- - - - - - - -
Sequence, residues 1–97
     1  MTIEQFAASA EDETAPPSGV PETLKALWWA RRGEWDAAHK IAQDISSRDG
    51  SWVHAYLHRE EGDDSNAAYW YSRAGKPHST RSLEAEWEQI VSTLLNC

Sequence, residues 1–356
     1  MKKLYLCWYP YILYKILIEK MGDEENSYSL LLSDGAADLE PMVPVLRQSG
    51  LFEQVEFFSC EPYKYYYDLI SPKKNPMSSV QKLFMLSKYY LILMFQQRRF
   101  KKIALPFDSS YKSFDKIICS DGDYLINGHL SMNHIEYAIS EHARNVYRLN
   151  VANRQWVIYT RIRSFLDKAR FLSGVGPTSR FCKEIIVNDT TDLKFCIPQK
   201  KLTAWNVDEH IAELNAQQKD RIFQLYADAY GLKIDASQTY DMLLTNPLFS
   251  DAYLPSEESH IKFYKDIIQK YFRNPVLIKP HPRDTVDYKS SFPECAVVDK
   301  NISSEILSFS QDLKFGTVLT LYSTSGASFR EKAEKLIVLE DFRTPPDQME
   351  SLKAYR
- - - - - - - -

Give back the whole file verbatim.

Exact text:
Sequence, residues 1–97
     1  MTIEQFAASA EDETAPPSGV PETLKALWWA RRGEWDAAHK IAQDISSRDG
    51  SWVHAYLHRE EGDDSNAAYW YSRAGKPHST RSLEAEWEQI VSTLLNC

Sequence, residues 1–356
     1  MKKLYLCWYP YILYKILIEK MGDEENSYSL LLSDGAADLE PMVPVLRQSG
    51  LFEQVEFFSC EPYKYYYDLI SPKKNPMSSV QKLFMLSKYY LILMFQQRRF
   101  KKIALPFDSS YKSFDKIICS DGDYLINGHL SMNHIEYAIS EHARNVYRLN
   151  VANRQWVIYT RIRSFLDKAR FLSGVGPTSR FCKEIIVNDT TDLKFCIPQK
   201  KLTAWNVDEH IAELNAQQKD RIFQLYADAY GLKIDASQTY DMLLTNPLFS
   251  DAYLPSEESH IKFYKDIIQK YFRNPVLIKP HPRDTVDYKS SFPECAVVDK
   301  NISSEILSFS QDLKFGTVLT LYSTSGASFR EKAEKLIVLE DFRTPPDQME
   351  SLKAYR